Two years and a couple of weeks ago we ran a post on what looked to be the imminent approach of a clash between the Sparta and Mhangeni prides.
As it turns out, a clash did occur, but as with many encounters between predators in the wild, it was not witnessed by any human eye, and we were left only to view the aftermath.
The aftermath, as it turned out, was an adult lioness with an injured paw and a sub-adult male with bad gashes in his flank and spine. A couple of weeks later, owing primarily to malnutrition, this young lion succumbed to his wounds.
As in other facets of life, human or animal, timing is everything, and it was this young male’s bad luck that he was injured during the height of the summer birthing season. Although this may sound a bit paradoxical, as there would seemingly be a bounty of food in the form of wildebeest calves and impala lambs, the young male was unable to reap the benefits of a surplus of young prey animals, as he was unable to hunt for himself, and any kills the pride made he was unable to share in. The kills were invariably so small as to be little more than a snack, torn asunder by the pride almost immediately, with the injured young lion limping gamely along behind inevitably arriving too late to share in the spoils. Lions can recover from horrific wounds if they receive the nutrition their bodies require, but in the case of the young male it was not to be, and descending vultures led tracker Andrea Sithole and ranger Greg Pingo to discover his carcass early in 2014.
The Sparta pride was down by one.
The rest of 2014 was relatively smooth for the Sparta pride and they suffered no further losses. The most significant change in the dynamics of the pride was the slow retreat of the Majingilane westwards, with the Sparta lions being left more and more in a coalition vacuum. As of April that year the Majingilane coalition were still in attendance on the pride, but by year-end they were as good as gone, and the incursions of they Styx, Fourways and Matshapiri males began.
A prediction I made at the time (April 2014) about the Majingilane spending more and more time with the Sparta pride as the adult lionesses came back into oestrus was entirely misplaced, as it seems the overwhelming necessity to consolidate territory superseded any desire they may have had to mate with the Sparta lionesses.
I suppose the fracturing of the pride as the young males were chased out by new coalitions was inevitable. What remains a mystery is the death of one of the older lionesses. Her carcass was discovered south of our boundary, and cause of death will remain unknown. Having said that, she was in the territory of a rival pride and a coalition unknown to her, so it would not be stretching the imagination too much to think that other lions killed her.
As it stands now the Sparta pride has only three females (two adults and one of about 3 1/2 years) who are spending the bulk of their time east of our boundary under the protection of the Matshapiri males. Reports are that one of the lionesses is secreting two very small cubs in a drainage line just east of the Sand River, but they have yet to be brought onto Londolozi.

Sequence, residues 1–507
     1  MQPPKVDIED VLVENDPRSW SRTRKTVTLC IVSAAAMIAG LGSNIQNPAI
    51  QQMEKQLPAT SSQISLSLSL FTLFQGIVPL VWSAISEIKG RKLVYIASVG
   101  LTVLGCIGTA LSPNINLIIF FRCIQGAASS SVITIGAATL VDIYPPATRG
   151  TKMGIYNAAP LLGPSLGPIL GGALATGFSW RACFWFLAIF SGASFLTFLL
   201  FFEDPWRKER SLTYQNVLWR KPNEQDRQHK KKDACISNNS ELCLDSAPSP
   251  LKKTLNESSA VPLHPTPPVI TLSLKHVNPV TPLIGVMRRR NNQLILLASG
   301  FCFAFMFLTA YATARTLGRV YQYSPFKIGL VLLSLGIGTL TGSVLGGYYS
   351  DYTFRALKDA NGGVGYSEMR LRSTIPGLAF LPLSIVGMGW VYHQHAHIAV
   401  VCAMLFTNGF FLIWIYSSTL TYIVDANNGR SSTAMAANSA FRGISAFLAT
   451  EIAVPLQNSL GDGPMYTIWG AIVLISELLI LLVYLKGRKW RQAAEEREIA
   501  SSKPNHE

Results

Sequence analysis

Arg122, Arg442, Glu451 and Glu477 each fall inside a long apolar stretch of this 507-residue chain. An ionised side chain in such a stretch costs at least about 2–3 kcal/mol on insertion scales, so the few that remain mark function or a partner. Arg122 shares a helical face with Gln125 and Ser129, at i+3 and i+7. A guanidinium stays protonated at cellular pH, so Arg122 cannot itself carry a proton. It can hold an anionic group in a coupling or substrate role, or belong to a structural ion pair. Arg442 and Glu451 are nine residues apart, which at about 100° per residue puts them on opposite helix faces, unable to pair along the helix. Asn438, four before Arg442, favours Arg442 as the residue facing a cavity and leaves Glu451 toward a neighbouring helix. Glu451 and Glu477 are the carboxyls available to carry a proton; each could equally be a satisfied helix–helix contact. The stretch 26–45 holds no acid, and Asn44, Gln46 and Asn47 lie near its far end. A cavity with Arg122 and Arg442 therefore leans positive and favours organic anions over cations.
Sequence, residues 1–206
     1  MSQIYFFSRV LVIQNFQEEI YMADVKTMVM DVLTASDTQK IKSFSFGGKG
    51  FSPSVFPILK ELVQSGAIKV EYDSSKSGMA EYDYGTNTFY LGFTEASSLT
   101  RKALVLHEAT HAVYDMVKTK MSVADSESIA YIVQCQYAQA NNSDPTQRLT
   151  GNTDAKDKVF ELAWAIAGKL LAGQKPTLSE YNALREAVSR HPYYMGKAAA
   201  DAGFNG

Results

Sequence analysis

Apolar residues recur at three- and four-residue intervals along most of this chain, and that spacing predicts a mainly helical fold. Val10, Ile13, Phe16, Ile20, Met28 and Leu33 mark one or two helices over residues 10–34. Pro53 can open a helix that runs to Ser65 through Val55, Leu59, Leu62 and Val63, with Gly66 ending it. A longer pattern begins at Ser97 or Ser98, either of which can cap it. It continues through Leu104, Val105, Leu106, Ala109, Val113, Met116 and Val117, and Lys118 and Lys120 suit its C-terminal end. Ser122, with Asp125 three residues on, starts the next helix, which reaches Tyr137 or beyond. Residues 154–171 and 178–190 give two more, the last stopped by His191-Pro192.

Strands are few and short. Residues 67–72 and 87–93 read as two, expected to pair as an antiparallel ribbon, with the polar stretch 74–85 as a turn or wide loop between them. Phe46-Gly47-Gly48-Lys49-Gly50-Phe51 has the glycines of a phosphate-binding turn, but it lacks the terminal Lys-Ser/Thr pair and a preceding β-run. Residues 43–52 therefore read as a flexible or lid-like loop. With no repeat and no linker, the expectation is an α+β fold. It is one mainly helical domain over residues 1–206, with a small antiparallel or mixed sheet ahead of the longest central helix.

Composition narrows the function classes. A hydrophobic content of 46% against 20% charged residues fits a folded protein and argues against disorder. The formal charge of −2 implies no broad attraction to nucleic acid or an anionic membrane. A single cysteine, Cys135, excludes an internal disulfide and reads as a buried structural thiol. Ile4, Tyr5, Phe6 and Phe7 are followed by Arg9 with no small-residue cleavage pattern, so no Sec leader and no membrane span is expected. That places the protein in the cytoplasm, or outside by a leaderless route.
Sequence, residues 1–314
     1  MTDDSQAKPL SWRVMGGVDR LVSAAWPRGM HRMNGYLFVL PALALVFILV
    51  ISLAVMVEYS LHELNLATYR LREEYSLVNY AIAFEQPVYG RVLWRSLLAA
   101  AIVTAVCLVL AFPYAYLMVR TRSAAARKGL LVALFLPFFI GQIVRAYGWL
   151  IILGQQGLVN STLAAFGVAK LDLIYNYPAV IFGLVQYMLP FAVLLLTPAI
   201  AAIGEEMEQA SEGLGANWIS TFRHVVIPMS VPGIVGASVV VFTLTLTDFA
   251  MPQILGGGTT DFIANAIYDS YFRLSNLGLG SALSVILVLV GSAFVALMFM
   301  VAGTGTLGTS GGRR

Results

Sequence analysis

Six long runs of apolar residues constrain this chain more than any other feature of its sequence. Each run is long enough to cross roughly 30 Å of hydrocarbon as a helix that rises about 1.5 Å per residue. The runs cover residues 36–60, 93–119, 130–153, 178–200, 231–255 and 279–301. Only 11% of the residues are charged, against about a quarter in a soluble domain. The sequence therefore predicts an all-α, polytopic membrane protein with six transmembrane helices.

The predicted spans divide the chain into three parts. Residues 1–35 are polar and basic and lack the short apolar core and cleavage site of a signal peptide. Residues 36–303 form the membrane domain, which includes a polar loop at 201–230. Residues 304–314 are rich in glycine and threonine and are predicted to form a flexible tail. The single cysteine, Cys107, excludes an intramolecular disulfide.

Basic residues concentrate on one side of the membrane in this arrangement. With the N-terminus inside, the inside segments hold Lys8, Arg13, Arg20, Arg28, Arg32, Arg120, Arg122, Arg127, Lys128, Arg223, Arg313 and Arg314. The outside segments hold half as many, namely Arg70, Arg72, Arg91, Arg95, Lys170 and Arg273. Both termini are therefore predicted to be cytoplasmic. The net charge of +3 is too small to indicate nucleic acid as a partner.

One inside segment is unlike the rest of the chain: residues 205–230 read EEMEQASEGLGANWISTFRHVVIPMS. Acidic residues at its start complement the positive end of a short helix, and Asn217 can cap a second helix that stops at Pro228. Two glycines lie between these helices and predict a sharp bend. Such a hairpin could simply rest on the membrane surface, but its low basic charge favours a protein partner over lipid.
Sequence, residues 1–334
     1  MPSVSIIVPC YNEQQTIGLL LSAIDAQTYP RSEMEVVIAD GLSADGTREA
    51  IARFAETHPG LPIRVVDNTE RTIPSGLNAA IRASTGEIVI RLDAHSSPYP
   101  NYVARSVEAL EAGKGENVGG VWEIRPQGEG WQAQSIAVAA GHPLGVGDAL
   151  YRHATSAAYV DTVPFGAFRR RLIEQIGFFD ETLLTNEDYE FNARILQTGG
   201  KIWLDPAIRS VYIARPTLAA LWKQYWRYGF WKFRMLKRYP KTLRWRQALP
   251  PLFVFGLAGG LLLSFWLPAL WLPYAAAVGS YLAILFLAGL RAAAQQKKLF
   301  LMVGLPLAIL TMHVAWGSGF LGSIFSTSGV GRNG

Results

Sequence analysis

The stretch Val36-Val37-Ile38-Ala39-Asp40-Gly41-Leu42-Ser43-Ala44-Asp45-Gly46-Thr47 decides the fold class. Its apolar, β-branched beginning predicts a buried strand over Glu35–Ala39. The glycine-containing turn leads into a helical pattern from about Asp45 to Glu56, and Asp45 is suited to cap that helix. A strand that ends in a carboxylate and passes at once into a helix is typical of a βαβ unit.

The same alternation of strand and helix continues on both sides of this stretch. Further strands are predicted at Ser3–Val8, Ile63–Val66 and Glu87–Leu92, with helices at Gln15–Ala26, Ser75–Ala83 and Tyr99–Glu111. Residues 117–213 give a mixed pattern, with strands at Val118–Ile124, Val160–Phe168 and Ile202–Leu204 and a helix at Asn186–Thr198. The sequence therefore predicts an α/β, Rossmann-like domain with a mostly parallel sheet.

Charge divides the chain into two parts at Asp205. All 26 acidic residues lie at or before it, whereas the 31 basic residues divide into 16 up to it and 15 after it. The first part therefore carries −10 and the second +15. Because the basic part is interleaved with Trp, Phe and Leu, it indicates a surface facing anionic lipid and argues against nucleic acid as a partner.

As for the sub-adult males, two haven’t been reported in a while. They were last seen south of Londolozi, but its quite possible they have made their way into the Kruger National park by now. The third male, I and many of the other rangers are convinced, has joined the Mhangeni pride and is still with them. Although some are skeptical of the identity of this male, photographic evidence certainly points to his identity as being one of the three sub-adults that left the Sparta pride this year. If so, it seems he has certainly landed himself in a better situation than the other two males who left the pride with him!
And the Mhangeni pride themselves? It seems that since early 2013, this pride has only been on the up. Although they aren’t viewed on Londolozi as consistently as we would like (only the eastern sector of their territory is on our property) they are still very fortunate in that the bulk of their territory is still controlled by the Majingilane. The pride is entering a new period of change in that at least one and possibly two of the lionesses are believed to be denning very small cubs somwehere, and it is likely that the other two adult lionesses will be in oestrus soon, if not already, furthering the possibility of more cubs on the way. Although the younger lions in the pride are certainly big enough to hunt on their own, especially as there are so many of them, from recent observations it seems that without the leadership of the adult females, they struggle a bit, and I have seen them seemingly directionless on more than one occasion recently.
Ultimately the most important factor in the stability of prides is the male dynamic. The Majingilane are ageing in the west. There are only two Matshipiri males. The Matimbas control very little territory. The Birmingham male threat is looming…
How will the new year be ushered in for the Sparta and Mhangeni prides…?
Written and Photographed by James Tyrrell